Evidence exhibited in Ghaxaq murder case

Evidence recovered from the scene of the double murder which happened in Ghaxaq in March was exhibited in court as proceedings against Joseph Bonnici continued on Thursday

Joseph Bonnici is charged with the double homicide of his mother (left) and his sister (right)
Joseph Bonnici is charged with the double homicide of his mother (left) and his sister (right)

Scene of Crime Officers have presented 20 exhibits to the court compiling evidence in the case against Joseph Bonnici, who is accused of murdering his mother and sister.

Evidence recovered from the scene of the double murder which happened in Ghaxaq in March, was exhibited in court as proceedings against Bonnici continued today.

Bonnici, 38, stands charged with having killed the two women inside the family home, allegedly having meticulously planned the murder, going so far as to build the firearm used himself, as well as the logistics of disposing of the bodies in a nearby field. He had then reported the victims to the police as missing.

This afternoon, a police officer who participated in the investigations took the stand, describing the discovery of the corpses and his part in the subsequent inquiry.

The police sergeant and other scene of crime officers who had been present when Bonnici had accompanied the police to the site where he had dumped his victims’ bodies, following his confession to the police.

The sergeant recalled how the two corpses had been discovered after they had removed the soil at the spot Bonnici pointed out.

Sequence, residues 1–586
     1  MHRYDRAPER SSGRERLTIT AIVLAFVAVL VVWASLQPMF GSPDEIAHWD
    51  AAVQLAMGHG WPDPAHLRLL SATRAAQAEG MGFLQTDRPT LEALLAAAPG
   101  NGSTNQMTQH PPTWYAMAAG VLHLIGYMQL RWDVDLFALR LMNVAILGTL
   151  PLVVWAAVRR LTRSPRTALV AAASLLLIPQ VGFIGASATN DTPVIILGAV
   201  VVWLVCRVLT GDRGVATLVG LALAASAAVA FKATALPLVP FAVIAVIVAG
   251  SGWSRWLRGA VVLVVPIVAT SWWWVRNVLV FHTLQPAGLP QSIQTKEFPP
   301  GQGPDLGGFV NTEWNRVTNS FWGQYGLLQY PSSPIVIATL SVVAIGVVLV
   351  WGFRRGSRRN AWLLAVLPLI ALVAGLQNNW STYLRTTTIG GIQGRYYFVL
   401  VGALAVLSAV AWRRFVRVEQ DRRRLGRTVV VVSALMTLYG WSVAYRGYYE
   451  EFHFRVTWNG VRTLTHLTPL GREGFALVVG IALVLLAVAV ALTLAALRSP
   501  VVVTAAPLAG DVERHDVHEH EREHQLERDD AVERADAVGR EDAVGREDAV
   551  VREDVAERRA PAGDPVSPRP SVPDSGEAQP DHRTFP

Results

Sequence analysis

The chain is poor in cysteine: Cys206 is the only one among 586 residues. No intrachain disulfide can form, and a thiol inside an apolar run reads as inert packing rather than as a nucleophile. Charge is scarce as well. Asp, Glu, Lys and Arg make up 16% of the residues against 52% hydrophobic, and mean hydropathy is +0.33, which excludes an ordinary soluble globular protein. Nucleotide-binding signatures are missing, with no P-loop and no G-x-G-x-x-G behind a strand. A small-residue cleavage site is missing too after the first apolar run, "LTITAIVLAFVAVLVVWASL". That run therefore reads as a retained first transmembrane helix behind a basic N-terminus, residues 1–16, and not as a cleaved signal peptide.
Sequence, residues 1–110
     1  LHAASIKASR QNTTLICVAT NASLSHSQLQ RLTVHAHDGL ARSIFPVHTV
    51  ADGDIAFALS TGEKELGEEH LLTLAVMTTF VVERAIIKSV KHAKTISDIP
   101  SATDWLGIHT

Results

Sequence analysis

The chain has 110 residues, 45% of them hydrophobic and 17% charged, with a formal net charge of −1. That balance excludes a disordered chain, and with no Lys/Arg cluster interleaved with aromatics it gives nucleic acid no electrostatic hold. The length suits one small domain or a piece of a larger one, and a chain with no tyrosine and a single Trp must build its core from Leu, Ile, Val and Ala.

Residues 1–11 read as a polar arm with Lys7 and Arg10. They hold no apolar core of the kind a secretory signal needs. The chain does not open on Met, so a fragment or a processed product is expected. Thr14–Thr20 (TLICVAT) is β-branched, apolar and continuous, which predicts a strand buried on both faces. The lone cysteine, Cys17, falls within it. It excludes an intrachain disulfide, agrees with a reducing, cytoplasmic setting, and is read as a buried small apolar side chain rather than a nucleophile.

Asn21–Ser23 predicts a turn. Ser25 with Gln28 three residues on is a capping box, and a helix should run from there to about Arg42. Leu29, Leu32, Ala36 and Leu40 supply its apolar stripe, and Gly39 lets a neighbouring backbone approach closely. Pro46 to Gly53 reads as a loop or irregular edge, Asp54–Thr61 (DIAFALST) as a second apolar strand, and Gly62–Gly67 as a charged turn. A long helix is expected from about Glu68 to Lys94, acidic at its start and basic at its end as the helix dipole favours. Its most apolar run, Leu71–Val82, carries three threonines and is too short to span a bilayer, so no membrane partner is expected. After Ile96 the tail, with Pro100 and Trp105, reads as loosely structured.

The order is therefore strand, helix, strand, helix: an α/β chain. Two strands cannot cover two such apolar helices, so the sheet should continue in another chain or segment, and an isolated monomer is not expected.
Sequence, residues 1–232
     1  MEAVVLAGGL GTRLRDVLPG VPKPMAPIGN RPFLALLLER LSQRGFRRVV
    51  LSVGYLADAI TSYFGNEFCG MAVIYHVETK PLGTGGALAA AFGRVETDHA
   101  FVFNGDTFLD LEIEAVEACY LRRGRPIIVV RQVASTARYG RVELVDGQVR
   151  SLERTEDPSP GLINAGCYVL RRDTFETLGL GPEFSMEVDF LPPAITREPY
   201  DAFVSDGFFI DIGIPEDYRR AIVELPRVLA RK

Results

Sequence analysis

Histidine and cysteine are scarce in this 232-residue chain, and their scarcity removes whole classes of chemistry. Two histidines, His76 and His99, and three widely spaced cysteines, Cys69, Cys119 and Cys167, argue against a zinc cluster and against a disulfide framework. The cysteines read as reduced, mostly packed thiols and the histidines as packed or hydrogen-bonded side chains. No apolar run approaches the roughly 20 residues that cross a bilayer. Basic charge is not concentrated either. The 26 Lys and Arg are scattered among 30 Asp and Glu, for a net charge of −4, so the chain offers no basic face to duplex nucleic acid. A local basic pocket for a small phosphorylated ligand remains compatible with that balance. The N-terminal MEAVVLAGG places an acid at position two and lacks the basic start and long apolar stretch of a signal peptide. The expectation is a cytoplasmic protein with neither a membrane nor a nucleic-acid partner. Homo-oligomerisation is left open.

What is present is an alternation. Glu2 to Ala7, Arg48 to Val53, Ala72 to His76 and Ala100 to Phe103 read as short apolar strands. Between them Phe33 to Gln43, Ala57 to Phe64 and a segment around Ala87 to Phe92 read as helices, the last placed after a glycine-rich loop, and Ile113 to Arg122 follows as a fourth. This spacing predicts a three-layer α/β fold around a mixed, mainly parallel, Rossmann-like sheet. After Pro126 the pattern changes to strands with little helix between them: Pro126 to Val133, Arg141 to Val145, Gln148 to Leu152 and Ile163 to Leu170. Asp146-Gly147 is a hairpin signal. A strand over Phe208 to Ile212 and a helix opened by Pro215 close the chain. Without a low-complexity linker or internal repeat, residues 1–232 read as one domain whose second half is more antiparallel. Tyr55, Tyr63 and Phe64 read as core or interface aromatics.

A few hours after the bodies were found, they were taken to be examined by forensic specialists, the court heard.

In a previous sitting, forensic pathologists Marie Therese Camilleri Podesta’ and Sarfraz Ali, who had performed the autopsies, had told the court that both victims had been shot in the head and their skulls were then “smashed” with a heavy object.

The sergeant had also photographed the search for the heavy sledgehammer allegedly used by the murderer and later discarded. He had handed it in for DNA analysis.

He had also returned to the mortuary to take possession of the clothes that had been worn by the victims at the time of the murder, as well as cash carried by the elder woman. The 20 items of evidence he collected were deposited in court in sealed brown paper bags. The items belonging to the victims were exhibited in two separate nylon bags.

Magistrate Joseph Mifsud presided.

Lawyers Franco Debono and Marion Camilleri were defence counsel. Inspector Roderick Attard prosecuted.

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